Tuesday, December 5

Citywise Update

Hello all, its Dave here again with the latest update on my games. Last week, I just gave a general introduction to myself and the games that I’m working on. This week I’ll focus on the work that I’ve been doing on Citywise, my game based around a city in a dystopian future.

The first major changes have been to the board, instead of lots of small spaces for the players to move around in, there are now 25 larger squares representing entire city blocks or sections of streets. Of course, I have had to reduce the movement rate for characters as well, but that’s no big problem. There are a lot of advantages in increasing square size; it means interaction between characters is more likely and so is an encounter with a riot or police patrol.

After a playtest with Jack we came upon the idea of a ‘moving’ element of the game, such as riots spreading throughout blocks or patrols roaming the streets. I tried out some ideas and settled upon these being moved by players during the action phase after a re-ordering of the turn sequence. I have also had to extend actions throughout the whole game to ensure that patrols and riots didn’t get stuck in one location for the final third of the game.

I have increased all the characters statistics from a maximum 10 to a maximum 12 and made them all movable. This ties in with the rationalisation of item cards as I can now reduce the types of dice in use to D6, D12 and D20.

The problem that I have had when developing this game is to ensure that there are plenty of options for the players, without presenting too many decisions that would slow down the game.

As an example, one worry that I had was that people would go to a shop to buy items only to spend ten minutes searching through the item deck to see what was there. I considered providing a list of all items so that people could window shop, but that would cause just as many problems. The best thing to do was to rationalise the items in the shops, so instead of having 6 different types of weapon, there are only 3 types available, the same for Tech items as well. Though to ensure that the ‘chrome’ of the game remains intact, I will be ensuring that each class of weapons has a range of different pictures and descriptions.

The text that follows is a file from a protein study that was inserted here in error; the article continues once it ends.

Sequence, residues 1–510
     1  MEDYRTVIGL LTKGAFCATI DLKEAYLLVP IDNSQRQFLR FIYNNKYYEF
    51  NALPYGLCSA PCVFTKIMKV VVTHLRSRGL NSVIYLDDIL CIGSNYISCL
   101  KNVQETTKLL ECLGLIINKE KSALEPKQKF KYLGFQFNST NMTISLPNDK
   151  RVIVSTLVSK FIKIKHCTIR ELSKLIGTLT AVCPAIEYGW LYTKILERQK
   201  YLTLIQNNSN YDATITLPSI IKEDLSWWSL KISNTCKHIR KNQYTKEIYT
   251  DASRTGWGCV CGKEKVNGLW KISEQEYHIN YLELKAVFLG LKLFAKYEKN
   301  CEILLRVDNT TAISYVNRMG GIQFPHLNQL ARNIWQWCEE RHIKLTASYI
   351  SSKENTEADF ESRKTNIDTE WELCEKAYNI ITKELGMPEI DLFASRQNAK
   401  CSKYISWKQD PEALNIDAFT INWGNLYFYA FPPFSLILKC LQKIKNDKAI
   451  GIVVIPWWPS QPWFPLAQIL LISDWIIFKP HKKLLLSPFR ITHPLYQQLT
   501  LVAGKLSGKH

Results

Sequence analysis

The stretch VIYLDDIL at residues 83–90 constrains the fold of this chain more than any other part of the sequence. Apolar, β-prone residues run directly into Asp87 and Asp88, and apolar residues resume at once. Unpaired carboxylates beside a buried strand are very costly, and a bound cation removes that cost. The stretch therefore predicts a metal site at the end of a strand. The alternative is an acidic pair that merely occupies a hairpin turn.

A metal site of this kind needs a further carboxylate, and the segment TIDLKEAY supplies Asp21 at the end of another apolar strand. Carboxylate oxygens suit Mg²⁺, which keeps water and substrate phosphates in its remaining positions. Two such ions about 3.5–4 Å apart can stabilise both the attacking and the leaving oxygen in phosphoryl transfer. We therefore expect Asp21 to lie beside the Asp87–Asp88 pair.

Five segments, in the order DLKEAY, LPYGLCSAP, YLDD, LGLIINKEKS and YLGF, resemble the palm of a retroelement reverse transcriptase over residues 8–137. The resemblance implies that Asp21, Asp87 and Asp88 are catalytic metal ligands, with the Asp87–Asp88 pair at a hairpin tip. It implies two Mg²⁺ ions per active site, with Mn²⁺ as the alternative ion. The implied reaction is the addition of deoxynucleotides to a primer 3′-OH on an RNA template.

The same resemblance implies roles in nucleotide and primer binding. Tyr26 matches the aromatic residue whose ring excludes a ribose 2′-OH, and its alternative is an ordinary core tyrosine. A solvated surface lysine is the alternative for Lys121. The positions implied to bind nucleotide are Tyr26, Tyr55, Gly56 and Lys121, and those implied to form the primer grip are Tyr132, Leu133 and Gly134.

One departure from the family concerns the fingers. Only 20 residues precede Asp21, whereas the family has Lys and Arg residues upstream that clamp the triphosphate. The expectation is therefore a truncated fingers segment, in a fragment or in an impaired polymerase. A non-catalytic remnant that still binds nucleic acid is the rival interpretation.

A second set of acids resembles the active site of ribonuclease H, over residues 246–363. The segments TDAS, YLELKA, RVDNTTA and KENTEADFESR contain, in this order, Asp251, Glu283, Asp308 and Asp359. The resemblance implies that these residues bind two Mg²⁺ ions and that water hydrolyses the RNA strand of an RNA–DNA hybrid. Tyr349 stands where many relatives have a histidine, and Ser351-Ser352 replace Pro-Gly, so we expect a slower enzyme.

I had another solo playtest last night, and all the elements seemed to gel together in a good way. The next step will be to rope in my playtesting buddy Jack (you may have heard of him) to give it a try. See you all next week.

Sunday, December 3

Session Report: Beyond Monopoly

Yesterday I spent the day at Beyond Monopoly for the first time in a couple of months. I'd missed the last few due to family commitments, holidays and production. It felt good to be back.

As I arrived, Andy, Alan and Rob were going to play Saboteur by Frederic Moyersoen, and they offered me a seat. By the time we'd got the game set up Adrian, Mike and Paul D had joined in too. We played a single round, then Adrian, Mike and Paul left to play Oltre Mare. Fortunately we were able to pick up Wolfgang, Kevin and Keith who filled the seats. We eight played another two rounds. I'm still not convinced about Saboteur, I like the idea of two teams both playing co-operatively against each other, I like the idea of hidden roles so that you don't know who is one your side. But somehow it just doesn't seem to come together. I spent large periods of the rounds with no useful cards to play, and even when I did I couldn't play a card which would keep my role secret. It was alright, but I'm not enamoured of it. Final scores: Rob 8, Andy 7, Alan 6, Adrian 3, Mike 3, Me 3, Wolfgang 2, Kevin 0, Keith 0.